A new Williams wordmark was introduced in blue, with the “W” stretching across the following three letters. Canon and Honda used their own visual identity. 

Williams Racing Logo

Later, in 1988, Williams switched engine sponsors from Honda to Judd Power and dropped the Honda wordmark from its logo. It changed its logo to black instead of blue and placed it alongside the Canon logo and the word “Team” on a single line. 

Williams Racing Logo

1994

In 1994, Rothmans took over as the main sponsor of Williams Racing, leading to another significant change in branding. The Rothmans logo appeared above the Williams wordmark in a larger, sans-serif font. Next to their own logo, Williams also included a reference to Renault. 

The Williams “W” now covers only the following “I.” 

Williams Racing Logo

1998

Following the dissolution of the Rothmans brand, Williams acquired a new sponsor in the form of the Winfield Tobacco brand. This prompted them to change their logo to feature the company’s core color palette, as well as their distinct wordmark and Kangaroo emblem. 

The Williams wordmark still remains the same in style, though it appears a little larger above the Winfield branding. 

Williams Racing Logo

2005

In 2005, Williams switched sponsors, yet again, to BMW. This prompted the company to build an entirely new emblem with a very different wordmark. The name “BMW” was placed alongside “Williams F1 Team”, separated by a single dot.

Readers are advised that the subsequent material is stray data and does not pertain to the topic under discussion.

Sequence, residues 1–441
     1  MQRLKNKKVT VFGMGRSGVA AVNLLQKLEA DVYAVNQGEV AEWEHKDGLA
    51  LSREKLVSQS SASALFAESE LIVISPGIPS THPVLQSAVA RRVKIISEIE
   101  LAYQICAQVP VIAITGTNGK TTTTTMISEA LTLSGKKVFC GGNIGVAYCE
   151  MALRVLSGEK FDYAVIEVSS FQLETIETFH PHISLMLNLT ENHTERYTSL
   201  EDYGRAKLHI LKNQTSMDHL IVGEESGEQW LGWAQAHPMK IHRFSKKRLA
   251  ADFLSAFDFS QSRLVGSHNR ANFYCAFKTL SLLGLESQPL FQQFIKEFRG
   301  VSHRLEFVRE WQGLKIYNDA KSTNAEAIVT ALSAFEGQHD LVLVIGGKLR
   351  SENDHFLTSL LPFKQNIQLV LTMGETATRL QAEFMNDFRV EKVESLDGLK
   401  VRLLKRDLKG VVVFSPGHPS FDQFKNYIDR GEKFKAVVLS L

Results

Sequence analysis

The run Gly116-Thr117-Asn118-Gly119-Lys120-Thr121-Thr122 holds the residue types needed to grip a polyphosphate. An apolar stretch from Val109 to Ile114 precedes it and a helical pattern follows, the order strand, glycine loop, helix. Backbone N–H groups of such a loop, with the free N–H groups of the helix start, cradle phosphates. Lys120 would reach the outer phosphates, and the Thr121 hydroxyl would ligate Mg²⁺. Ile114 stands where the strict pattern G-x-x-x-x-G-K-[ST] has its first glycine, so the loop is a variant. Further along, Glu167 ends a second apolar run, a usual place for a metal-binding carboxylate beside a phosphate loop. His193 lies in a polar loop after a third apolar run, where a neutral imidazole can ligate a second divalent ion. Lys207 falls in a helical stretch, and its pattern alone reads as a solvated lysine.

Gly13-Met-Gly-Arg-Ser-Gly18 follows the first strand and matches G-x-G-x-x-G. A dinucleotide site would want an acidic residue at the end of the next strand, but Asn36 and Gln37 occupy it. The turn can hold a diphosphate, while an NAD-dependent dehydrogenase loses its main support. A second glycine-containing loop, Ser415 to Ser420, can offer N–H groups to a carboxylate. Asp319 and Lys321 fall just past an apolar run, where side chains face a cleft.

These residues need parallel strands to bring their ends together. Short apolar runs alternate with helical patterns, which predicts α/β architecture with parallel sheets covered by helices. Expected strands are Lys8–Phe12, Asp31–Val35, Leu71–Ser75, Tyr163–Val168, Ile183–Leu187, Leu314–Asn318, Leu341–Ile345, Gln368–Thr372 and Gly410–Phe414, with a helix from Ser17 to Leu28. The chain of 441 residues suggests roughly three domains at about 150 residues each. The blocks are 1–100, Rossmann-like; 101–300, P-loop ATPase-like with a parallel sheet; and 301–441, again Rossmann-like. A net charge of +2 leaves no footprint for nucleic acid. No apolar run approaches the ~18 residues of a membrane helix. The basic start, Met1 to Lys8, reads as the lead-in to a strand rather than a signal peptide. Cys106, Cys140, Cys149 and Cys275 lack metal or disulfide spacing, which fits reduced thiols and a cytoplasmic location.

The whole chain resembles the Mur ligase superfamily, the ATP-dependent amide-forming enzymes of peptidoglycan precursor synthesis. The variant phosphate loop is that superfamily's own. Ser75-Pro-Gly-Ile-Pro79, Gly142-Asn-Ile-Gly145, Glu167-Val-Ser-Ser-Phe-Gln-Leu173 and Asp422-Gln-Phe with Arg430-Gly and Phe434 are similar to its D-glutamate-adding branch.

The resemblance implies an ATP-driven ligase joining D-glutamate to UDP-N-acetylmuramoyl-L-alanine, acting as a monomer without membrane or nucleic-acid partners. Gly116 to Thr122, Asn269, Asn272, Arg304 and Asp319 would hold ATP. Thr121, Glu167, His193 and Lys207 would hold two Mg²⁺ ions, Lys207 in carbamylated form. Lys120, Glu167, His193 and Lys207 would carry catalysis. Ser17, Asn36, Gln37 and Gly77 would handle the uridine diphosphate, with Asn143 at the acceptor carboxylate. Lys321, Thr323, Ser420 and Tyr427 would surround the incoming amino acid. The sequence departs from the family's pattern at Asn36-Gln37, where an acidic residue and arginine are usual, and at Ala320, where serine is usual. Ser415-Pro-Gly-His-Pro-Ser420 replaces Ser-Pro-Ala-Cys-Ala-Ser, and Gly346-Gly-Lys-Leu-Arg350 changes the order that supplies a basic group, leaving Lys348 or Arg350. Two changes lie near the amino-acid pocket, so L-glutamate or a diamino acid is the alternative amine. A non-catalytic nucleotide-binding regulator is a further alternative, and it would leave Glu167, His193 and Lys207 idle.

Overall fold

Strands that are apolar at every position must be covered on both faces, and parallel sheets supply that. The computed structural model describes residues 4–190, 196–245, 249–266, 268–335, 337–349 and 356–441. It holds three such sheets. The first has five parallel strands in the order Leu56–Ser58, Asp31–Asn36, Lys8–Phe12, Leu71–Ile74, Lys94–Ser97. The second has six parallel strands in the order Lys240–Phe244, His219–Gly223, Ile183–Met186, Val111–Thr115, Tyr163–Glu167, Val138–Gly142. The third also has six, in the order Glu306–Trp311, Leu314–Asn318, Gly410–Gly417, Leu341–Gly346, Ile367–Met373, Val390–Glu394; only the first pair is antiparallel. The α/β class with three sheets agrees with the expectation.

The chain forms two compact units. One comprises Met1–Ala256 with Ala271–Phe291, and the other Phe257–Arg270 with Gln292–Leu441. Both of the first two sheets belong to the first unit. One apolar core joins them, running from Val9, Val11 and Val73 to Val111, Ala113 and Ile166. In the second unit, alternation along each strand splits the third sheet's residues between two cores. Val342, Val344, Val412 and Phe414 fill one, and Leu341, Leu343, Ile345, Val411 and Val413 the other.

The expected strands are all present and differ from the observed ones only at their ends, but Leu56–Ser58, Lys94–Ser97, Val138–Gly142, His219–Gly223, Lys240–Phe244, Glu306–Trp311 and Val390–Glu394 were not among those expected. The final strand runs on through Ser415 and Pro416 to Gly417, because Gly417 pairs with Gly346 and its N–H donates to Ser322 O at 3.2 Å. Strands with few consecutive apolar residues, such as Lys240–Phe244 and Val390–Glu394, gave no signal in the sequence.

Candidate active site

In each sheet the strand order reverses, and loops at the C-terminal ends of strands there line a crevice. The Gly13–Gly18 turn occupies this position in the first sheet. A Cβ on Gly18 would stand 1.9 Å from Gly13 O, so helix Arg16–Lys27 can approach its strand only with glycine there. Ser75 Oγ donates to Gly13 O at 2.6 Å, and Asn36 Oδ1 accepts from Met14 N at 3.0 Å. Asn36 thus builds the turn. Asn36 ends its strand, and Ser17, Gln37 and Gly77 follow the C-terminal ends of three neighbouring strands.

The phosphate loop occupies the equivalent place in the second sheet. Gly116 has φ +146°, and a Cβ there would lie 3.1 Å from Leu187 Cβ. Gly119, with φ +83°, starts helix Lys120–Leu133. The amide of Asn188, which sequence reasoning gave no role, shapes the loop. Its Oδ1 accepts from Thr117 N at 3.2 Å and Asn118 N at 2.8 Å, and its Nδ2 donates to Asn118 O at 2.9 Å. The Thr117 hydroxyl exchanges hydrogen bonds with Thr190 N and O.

A stylized mark above the wordmark was designed to create the “1” shape in white space between two geometric shapes. The color palette also shifted to blue

Williams Racing Logo

2006

In 2006, Williams created a new logo without any reference to sponsorships. The name of the brand, alongside the words “F1 Team,” was positioned on the banner in a combination of light blue and black tones in a serif-style font. 

A new geometric design was also introduced, with sweeping, curved shapes similar to roads. 

Williams Racing Logo

2007

In 2007, Williams started a new partnership with AT&T, which led to a new banner-style logo featuring both a brand-new wordmark for the racing team and the AT&T emblem. 

The Williams wordmark in all capital letters was accompanied by a “W” in a circle. The colors light and dark blue are most prominent in this design. 

Williams Racing Logo

2011

After AT&T ended its sponsorship of Williams Racing, the company changed its logo yet again, drawing greater attention to its new emblem, a W in a circle shape. The Williams F1 Team wordmark was recreated in a similar blocky, sans-serif font. 

Williams Racing Logo

In 2013, this logo was refined slightly to feature an even larger brand name and the F1 team component on a second level, separated by a line. 

Williams Racing Logo

2014

After entering a new sponsorship deal with Martini, William’s updated its logo again to feature the “Williams Racing” name in two shades of blue. The font style was still sans-serif, and the letters were depicted in all capital letters. 

Williams Racing Logo

Following a short period, in 2019, Williams introduced the “ROKiT” sponsorship deal and added their emblem to their new logo, separating all three components onto different levels. The “W” in Williams also became more stylized, with lines separating the middle component. 

Williams Racing Logo

2020